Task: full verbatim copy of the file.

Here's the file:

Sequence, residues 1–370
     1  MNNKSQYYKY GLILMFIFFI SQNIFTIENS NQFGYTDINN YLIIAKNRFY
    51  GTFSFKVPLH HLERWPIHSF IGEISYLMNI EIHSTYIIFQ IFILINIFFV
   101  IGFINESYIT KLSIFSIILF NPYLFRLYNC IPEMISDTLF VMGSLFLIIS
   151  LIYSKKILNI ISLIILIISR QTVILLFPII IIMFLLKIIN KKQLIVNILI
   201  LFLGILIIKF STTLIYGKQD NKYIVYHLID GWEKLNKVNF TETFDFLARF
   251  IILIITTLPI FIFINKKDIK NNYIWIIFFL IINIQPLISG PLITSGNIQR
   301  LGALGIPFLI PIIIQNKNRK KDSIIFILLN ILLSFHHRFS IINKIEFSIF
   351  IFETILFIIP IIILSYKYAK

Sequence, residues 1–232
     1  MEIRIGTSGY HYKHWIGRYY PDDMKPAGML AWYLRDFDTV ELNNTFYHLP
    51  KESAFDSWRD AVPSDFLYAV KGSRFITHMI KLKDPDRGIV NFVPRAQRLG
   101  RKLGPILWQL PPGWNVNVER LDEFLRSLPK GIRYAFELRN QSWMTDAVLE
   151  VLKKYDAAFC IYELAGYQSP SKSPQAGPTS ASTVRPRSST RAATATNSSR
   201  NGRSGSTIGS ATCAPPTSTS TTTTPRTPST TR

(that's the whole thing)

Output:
Sequence, residues 1–370
     1  MNNKSQYYKY GLILMFIFFI SQNIFTIENS NQFGYTDINN YLIIAKNRFY
    51  GTFSFKVPLH HLERWPIHSF IGEISYLMNI EIHSTYIIFQ IFILINIFFV
   101  IGFINESYIT KLSIFSIILF NPYLFRLYNC IPEMISDTLF VMGSLFLIIS
   151  LIYSKKILNI ISLIILIISR QTVILLFPII IIMFLLKIIN KKQLIVNILI
   201  LFLGILIIKF STTLIYGKQD NKYIVYHLID GWEKLNKVNF TETFDFLARF
   251  IILIITTLPI FIFINKKDIK NNYIWIIFFL IINIQPLISG PLITSGNIQR
   301  LGALGIPFLI PIIIQNKNRK KDSIIFILLN ILLSFHHRFS IINKIEFSIF
   351  IFETILFIIP IIILSYKYAK

Sequence, residues 1–232
     1  MEIRIGTSGY HYKHWIGRYY PDDMKPAGML AWYLRDFDTV ELNNTFYHLP
    51  KESAFDSWRD AVPSDFLYAV KGSRFITHMI KLKDPDRGIV NFVPRAQRLG
   101  RKLGPILWQL PPGWNVNVER LDEFLRSLPK GIRYAFELRN QSWMTDAVLE
   151  VLKKYDAAFC IYELAGYQSP SKSPQAGPTS ASTVRPRSST RAATATNSSR
   201  NGRSGSTIGS ATCAPPTSTS TTTTPRTPST TR